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Thread: Under The Skin

  1. #31
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    Quote Originally Posted by onthewall2983 View Post
    This is on Netflix. Is it in 4K?
    Removed July 12, 2020, in the United States. The movie was not available in 4K or HDR through Netflix US.

  2. #32
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    I bought it on Bluray after i watched it because i'm a collector etc, but i know i'll never watch it again due to that beach scene. Nope. not happening.

  3. #33
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    This is on Showtime, in 4K. I tried watching it again, but noped my way out after the beach scene too.

  4. #34
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    Yea, as much as I loved this when I watched it (On a random whim btw) it is not something I would want to revisit. Handful of scenes that leave me absolutely uneasy, but still pop up from time to time in my head!

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    sorry for the necrobump, I was looking for a different thread and came across this one.

    Watched this in November when A24 re-released some of their horror movies in theaters for $5. Had no idea wtf that was and after a few articles I kind of get it but also holy crap at this article. If you're going to claim to be an explainer, don't get basic facts wrong.

    After seducing a logger (Dave Acton), Johansson resists his sexual advances. She doesn’t fully understand his frustration. When she wakes up in his cabin, the logger begins assaulting her. The frightened alien is terrified by his capacity for cruelty, and runs into the woods. The logger chases after her.
    She does not seduce the logger, she ran into him in the woods just before the cabin. Which isn't his because it says on the door "for walkers of the hills" or something.

    She has seen the positive things that humanity is capable of after she rescues an abandoned baby on the beach
    I don't know how you get something like this so wrong. The baby is shown twice on the beach, no one saves it. There's an entire scene where she's listening to the news and they do the exposition dump explainer. Probably the only thing in the movie that's explicitly explained too.

    I shouldn't care this much but it's because I was trying to get a better grip on what I had just watched and this guy...fucking guy.../nandor

    Anyway, interesting movie but I wish it didn't take an explainer for the dumb dumbs, of which I am certainly one. Like what was up with the motorcycle guy at the end? He was clearly looking for her but couldn't find her? Even though earlier in the movie he was clearly able to find her, somehow? It was tension for tension's sake I feel, nothing came of it.

    It was kind of like Annihilation where the writer said "I read this book once, it was pretty interesting, I'm going to write a script about it but not ever refer back to the source material because I want it to feel like a half-remembered dream."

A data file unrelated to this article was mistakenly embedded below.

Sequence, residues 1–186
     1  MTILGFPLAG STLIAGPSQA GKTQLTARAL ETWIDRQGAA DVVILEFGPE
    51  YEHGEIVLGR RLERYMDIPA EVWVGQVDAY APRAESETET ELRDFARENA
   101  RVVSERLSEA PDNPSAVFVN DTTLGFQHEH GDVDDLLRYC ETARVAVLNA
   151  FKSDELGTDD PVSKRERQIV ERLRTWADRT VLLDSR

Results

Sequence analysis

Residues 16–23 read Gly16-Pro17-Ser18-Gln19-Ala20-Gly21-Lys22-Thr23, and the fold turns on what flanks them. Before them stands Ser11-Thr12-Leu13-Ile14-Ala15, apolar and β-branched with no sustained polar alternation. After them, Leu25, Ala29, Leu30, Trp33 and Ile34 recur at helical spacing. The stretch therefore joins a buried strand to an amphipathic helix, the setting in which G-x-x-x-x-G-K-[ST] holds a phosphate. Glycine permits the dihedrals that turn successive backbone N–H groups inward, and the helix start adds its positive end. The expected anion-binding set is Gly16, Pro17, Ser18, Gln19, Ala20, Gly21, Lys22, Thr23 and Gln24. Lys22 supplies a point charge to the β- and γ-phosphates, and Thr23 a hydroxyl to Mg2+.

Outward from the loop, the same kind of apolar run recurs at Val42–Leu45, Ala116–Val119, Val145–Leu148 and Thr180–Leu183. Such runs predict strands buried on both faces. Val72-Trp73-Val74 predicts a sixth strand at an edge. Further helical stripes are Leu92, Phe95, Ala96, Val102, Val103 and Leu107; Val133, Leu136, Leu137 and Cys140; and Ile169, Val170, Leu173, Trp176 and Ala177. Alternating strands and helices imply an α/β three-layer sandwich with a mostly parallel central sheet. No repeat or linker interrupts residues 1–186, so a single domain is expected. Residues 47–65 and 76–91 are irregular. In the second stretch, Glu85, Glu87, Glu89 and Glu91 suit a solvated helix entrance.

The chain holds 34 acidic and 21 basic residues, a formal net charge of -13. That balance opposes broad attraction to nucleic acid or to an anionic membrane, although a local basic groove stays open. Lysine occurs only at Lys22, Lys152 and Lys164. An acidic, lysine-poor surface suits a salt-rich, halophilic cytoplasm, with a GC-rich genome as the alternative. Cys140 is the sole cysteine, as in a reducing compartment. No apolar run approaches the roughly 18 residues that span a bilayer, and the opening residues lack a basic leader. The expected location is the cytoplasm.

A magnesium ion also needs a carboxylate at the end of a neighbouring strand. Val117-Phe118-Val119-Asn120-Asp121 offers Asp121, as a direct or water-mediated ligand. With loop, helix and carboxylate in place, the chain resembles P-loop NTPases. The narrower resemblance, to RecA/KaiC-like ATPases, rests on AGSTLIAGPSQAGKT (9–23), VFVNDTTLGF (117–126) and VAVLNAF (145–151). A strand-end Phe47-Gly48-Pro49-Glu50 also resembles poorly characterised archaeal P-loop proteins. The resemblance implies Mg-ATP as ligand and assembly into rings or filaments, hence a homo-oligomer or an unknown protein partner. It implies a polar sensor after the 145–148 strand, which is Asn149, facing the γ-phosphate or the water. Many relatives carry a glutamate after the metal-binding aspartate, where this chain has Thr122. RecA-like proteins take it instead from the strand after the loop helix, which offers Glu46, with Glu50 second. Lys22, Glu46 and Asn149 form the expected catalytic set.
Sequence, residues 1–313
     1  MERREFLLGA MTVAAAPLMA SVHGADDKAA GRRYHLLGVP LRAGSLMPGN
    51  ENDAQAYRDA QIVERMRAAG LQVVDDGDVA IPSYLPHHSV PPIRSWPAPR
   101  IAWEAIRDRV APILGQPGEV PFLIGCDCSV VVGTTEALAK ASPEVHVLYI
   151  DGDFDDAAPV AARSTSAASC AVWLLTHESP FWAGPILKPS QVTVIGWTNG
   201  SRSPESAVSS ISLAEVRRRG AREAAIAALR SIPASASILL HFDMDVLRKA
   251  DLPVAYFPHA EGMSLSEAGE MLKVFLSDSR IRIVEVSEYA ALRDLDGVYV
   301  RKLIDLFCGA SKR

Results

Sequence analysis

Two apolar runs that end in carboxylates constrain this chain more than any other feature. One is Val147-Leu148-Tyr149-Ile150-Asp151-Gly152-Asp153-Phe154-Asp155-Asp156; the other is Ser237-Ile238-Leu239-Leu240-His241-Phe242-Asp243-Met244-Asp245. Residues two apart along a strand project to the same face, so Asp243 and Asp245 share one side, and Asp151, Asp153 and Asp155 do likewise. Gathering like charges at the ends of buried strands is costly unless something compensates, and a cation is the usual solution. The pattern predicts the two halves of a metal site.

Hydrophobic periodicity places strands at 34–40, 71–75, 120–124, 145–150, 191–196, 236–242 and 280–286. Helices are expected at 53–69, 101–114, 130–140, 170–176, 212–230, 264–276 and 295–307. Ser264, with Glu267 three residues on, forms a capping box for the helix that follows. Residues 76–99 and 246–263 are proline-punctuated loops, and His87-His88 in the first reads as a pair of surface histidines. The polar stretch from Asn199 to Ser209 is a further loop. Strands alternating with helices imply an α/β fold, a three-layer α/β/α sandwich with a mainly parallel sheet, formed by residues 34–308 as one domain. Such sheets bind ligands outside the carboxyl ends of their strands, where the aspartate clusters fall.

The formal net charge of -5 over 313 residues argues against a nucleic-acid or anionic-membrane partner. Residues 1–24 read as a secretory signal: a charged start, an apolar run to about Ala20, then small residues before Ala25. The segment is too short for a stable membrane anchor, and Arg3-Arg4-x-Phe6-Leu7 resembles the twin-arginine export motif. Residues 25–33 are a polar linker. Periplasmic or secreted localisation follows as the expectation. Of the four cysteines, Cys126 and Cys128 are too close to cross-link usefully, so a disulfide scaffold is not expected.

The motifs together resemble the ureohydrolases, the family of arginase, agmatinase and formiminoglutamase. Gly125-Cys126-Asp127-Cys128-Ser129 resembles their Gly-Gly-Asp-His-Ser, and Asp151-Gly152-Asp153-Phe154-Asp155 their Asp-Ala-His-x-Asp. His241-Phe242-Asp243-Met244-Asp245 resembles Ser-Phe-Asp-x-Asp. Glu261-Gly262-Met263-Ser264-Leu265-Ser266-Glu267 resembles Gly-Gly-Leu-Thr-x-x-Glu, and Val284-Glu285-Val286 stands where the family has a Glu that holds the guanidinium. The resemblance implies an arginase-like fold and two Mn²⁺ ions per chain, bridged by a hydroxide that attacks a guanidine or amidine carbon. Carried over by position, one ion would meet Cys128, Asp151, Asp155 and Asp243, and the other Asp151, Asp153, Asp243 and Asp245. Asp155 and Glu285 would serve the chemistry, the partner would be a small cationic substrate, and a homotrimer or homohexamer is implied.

6. #36
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    Quote Originally Posted by allegate View Post
    It was kind of like Annihilation where the writer said "I read this book once, it was pretty interesting, I'm going to write a script about it but not ever refer back to the source material because I want it to feel like a half-remembered dream."
    In both examples I fail to see how both those (excellent in my eyes) books could make better movies... I get the frustration, but I always felt that, in both cases, the ambiguity was necessary for what happens to feel truly alien.
    Sure they're not "proper" adaptation, but those would probably suck, given what the books describe (or don't).

    Also, yeah, the baby is clearly abandoned to its fate.

  7. #37
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    Quote Originally Posted by Khrz View Post
    In both examples I fail to see how both those (excellent in my eyes) books could make better movies... I get the frustration, but I always felt that, in both cases, the ambiguity was necessary for what happens to feel truly alien.
    Sure they're not "proper" adaptation, but those would probably suck, given what the books describe (or don't).

    Also, yeah, the baby is clearly abandoned to its fate.
    100% this. If you could explain what's going on, it is no longer an "alien" concept.

  8. #38
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    Quote Originally Posted by allegate View Post
    100% this. If you could explain what's going on, it is no longer an "alien" concept.
    This is why I always loved Stanislaw Lem's books (and not just Solaris). Very interesting attempts to describe a contact with alien lifeforms which humans just don't get despite making all kinds of approximations.

  9. #39
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    Quote Originally Posted by fillow View Post
    This is why I always loved Stanislaw Lem's books (and not just Solaris). Very interesting attempts to describe a contact with alien lifeforms which humans just don't get despite making all kinds of approximations.
    Is Solaris good? I forgot all about that movie.

    Annihilation I went into not knowing anything at all, and it wound up being one of my favorite movies. I felt uncomfortable almost the entire time watching it.

    Under The Skin I also went into, blind, and it kept my attention from the very first scene. When you watch what is unfolding in specific scenes, you have to ask yourself over and over: "Wait, did that really happen?" Such thought provoking movies.

  10. #40
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    Quote Originally Posted by Self.Destructive.Pattern View Post
    Is Solaris good? I forgot all about that movie.

    Annihilation I went into not knowing anything at all, and it wound up being one of my favorite movies. I felt uncomfortable almost the entire time watching it.